Sunday Street Team: Internet Famous by Danika Stone Review + Giveaway

Sunday Street Team

 

Welcome to the Sunday Street Team! I received an eARC of this book in exchange for a honest review. This book was pretty good overall *swoons for Laurent*. I gave it 4 out of 5 stars.

 

Title: Internet Famous
Author:
Danika Stone
Publisher:
Swoon Reads
Publication date:
June 6, 2017
Summary (via Goodreads): High school senior and internet sensation Madison Nakama seems to have it all: a happy family, good grades, and a massive online following for her pop-culture blog. But when her mother suddenly abandons the family, Madi finds herself struggling to keep up with all of her commitments.

 

Fandom to the rescue! As her online fans band together to help, an online/offline flirtation sparks with Laurent, a French exchange student. Their internet romance—played out in the comments section of her MadLibs blog—attracts the attention of an internet troll who threatens the separation of Madi’s real and online personas. With her carefully constructed life unraveling, Madi must uncover the hacker’s identity before he can do any more damage, or risk losing the people she loves the most… Laurent included.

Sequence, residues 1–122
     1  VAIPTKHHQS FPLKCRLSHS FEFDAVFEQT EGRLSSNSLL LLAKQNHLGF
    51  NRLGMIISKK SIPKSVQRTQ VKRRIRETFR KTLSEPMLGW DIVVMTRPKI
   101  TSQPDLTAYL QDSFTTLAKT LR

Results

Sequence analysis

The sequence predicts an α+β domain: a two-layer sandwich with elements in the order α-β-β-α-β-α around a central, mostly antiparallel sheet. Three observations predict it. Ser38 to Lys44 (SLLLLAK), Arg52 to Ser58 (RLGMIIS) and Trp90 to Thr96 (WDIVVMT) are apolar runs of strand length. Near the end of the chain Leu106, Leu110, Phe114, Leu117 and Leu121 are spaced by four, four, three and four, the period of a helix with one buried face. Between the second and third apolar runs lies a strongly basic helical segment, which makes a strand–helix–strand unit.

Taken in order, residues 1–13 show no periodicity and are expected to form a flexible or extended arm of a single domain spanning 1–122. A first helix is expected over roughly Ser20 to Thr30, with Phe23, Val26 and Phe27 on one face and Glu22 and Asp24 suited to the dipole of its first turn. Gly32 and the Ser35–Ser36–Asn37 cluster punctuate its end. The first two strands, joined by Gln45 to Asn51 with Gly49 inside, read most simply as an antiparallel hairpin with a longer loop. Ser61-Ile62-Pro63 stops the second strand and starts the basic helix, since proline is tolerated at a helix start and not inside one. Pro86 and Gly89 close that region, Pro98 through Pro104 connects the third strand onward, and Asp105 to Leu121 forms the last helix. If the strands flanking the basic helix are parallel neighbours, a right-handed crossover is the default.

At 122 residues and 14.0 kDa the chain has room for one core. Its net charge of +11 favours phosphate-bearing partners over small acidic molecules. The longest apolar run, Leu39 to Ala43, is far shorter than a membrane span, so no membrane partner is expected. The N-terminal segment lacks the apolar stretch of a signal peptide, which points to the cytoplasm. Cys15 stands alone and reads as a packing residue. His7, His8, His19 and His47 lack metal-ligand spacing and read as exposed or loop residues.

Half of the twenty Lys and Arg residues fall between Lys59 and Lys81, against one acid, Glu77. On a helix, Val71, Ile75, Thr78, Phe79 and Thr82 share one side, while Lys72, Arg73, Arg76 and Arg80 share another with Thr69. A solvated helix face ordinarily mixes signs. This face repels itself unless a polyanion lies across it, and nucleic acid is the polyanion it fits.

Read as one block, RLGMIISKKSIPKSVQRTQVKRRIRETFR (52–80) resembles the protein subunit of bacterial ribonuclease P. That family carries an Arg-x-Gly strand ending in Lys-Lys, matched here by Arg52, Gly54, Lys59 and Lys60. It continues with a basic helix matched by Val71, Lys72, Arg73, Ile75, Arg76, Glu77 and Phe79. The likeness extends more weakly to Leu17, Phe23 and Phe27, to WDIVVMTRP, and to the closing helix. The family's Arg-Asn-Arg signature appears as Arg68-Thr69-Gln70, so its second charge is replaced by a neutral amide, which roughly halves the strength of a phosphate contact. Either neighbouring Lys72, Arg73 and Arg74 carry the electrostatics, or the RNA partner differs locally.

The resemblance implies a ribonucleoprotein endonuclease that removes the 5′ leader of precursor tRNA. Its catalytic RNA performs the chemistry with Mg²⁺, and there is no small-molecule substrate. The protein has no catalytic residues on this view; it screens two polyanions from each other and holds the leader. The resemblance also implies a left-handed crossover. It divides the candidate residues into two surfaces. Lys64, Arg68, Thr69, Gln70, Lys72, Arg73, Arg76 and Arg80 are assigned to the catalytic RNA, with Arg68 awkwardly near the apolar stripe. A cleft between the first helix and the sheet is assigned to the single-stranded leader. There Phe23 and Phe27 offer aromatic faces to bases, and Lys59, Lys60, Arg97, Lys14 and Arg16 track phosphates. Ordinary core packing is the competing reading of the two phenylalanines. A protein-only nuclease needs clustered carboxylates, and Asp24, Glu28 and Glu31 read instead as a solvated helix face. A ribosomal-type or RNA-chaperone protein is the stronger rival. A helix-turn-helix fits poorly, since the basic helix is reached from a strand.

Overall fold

Pre-order Links: Amazon (US) | Amazon (UK) | Barnes & Noble | Book Depository


 

 

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I signed up for the Sunday Street Team for Danika’s last YA book, so I had to sign up for this one. As I stated in my review of her last book, I’m a huge believer in fandoms. And while this book was less fandom-y, I still really enjoyed it. I received a copy from Netgalley to review, and ended up giving this book 4 out of 5 stars.

 

One thing I should mention off the bat is the kinship I felt with Madi. I have a hard time interacting with people outside of the internet as well, at least initially. I am very introverted and I don’t open up until I really know someone. So yay for a main character I can relate to. And let me just say that I fully appreciated Laurent and his French self. *drools* Such a fine specimen of YA/NA male goodness. He’s going on my book boyfriend list.